A Hobart man has pleaded guilty in a Tasmanian magistrate’s court to stalking his ex-partner, who claims the man tracked her movements via a smartphone app linked to her car.
The app gave the stalker real-time information on his victim’s location, as well as giving him the ability to remotely start and stop the vehicle.
It also provided him with information about where the car was parked, how much fuel was in it and even allowed him to open or close its windows.
The man, a former tow truck driver who had worked for the Royal Automobile Club of Tasmania, helped her to buy the Land Rover, which gave him access to the car’s vehicle identification number (VIN) as well as the vehicle’s keys, which gave him enough access to satisfy the app’s security requirements.
Simply knowing the car’s registration, for example, or other details of the owner would not be enough for someone other than the vehicle’s owner to set up an account.
The prosecution also alleged that the man, who dated the victim for just six months, also used a monthly subscription plan to monitor his ex’s phone.
She only discovered the subterfuge after her own mobile phone disappeared from inside the car, and she used her laptop to try and track it down.
Upon logging into her own phone account, an email trail from his address detailed the full extent of his hacking, with maps of her workplace and car parking locations downloaded to his account.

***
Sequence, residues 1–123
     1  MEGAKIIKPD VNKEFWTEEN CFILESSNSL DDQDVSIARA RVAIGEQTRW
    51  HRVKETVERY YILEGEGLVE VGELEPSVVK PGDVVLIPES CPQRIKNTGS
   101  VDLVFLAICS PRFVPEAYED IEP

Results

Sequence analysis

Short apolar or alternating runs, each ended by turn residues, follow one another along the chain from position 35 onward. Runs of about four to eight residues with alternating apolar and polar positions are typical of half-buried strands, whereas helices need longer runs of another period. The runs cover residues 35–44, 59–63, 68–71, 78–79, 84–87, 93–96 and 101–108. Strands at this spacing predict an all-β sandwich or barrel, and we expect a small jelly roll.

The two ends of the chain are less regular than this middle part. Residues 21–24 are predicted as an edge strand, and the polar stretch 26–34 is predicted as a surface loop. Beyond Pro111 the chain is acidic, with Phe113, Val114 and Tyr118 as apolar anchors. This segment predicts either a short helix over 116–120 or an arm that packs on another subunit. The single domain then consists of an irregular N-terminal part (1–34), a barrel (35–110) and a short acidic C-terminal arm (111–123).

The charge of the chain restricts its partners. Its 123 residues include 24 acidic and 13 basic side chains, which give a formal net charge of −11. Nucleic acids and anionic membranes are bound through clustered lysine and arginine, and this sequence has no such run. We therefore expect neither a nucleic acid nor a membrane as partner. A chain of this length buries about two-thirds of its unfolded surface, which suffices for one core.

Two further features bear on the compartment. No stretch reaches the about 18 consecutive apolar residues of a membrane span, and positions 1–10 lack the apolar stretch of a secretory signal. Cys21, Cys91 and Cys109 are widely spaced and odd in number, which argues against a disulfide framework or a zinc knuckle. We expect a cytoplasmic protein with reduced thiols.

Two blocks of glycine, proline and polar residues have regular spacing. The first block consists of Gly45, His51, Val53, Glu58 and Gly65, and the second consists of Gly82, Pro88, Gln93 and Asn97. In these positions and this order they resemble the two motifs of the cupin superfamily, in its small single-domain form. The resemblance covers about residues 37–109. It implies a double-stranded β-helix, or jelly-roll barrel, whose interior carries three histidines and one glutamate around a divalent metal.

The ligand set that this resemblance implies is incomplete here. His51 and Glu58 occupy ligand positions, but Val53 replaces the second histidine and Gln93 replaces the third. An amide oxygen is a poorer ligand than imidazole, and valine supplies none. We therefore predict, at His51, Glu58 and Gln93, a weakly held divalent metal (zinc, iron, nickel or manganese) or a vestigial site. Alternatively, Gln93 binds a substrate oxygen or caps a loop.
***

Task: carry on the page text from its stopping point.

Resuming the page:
"When I told [my colleagues] that a man was stalking me and had control of my car, they looked at me like I had lost my mind," the woman told the court.
"I was in shock and fear for my life when I realised he was stalking me and had control of my car.”
Crown prosecutor Elizabeth Avery described the man’s behaviour as "premeditated and calculated." The man will return to court for sentencing in December, where he could be placed on a community protection register for up to 15 years.
While this particular case is shocking and confronting – and speaks far more to the deranged mindset of the perpetrator - the fact is that setting up a smartphone app to work with a car is more detailed than simply entering an email address and phone number into a phone.
Smartphone connectivity to varying degrees is available across a number of brands sold locally, including Hyundai, Land Rover, Nissan and Mitsubishi, while future updates will allow for owners to provide access to other people to drive their cars via codes sent between phones.